Photovoltaics (or Solar Cells) are solid-state semiconductor devices that convert light into direct-current electricity. These semi-conductors are most commonly made out of silicon crystal, which are used in many electronics and computer components. The top layer of the silicon portion of a solar panel is made from a mixture of this silicon and a small amount of phosphorous, which gives it a negative charge. The inner layer, which constitutes the majority of the panel is a mix of silicon and a little bit of boron, giving it a positive charge.
The place where these two layers meet creates an electric field called a junction. When light (or photons) hits the solar cell, before it gets to the silicon crystal to make electricity it passes through a glass cover on the panel and an anti-reflective coating, which stops photons from reflecting off of the panel and being lost. The photons are absorbed into the junction, which pushes electrons in the silicon out of the way (See illustration below).If enough photons are absorbed, the electrons are pushed past the junction and flow freely to an external circuit. When converted to Alternating Current electricity using what is called an inverter, this energy can be used to power anything that uses electricity.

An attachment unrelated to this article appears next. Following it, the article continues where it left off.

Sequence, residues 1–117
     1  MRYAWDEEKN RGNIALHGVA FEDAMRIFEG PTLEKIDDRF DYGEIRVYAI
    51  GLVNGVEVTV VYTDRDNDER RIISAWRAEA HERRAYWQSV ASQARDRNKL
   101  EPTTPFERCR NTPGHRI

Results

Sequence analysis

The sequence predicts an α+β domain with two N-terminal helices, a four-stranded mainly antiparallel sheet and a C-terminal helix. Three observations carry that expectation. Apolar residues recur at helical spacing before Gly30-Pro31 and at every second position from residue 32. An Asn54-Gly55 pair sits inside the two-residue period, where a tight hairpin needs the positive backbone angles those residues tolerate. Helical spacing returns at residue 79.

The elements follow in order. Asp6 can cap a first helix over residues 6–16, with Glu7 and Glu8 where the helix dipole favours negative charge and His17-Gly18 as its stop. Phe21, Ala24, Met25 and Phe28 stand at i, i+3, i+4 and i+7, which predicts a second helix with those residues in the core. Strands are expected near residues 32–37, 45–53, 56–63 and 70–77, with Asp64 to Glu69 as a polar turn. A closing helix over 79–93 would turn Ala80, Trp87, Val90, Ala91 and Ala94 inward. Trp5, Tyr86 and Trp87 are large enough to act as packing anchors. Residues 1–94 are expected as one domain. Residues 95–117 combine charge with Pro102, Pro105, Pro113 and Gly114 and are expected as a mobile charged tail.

To generate electricity for homes and buildings two different types of solar electric systems can be used: A Grid-Tied system is connected to your utility's transmission lines so that you can use power from the grid as well as produce your own. The other type of solar electric system is called a Stand-Alone system, which uses batteries to store electricity for use anytime. Grid-Tied Solar Power - In this type of setup an inverter in a building converts Direct Current (DC) Electricity into Alternating Current (AC) Electricity so that it can be used by the building it is connected to and other consumers on the power grid. When the demand for power in the building is low, excess photovoltaic power flows to the grid and the utility's meter turns backwards, essentially selling electricity back to the utility. One disadvantage to this type of system is that if utility power goes out you cannot use solar power for backup. On the other hand, the only maintenance with a grid-tied system is adjustment of panels due to the changing angle of the sun during different seasons, and even this is optional.
Stand-Alone Solar Power - This kind of system uses batteries to store electricity produced by photovoltaic cells. There is no connection to the utility power grid so a building can operate completely independently. A stand-alone system is more complicated and expensive, as well as requiring a little more maintenance, like refilling water in your batteries every so often.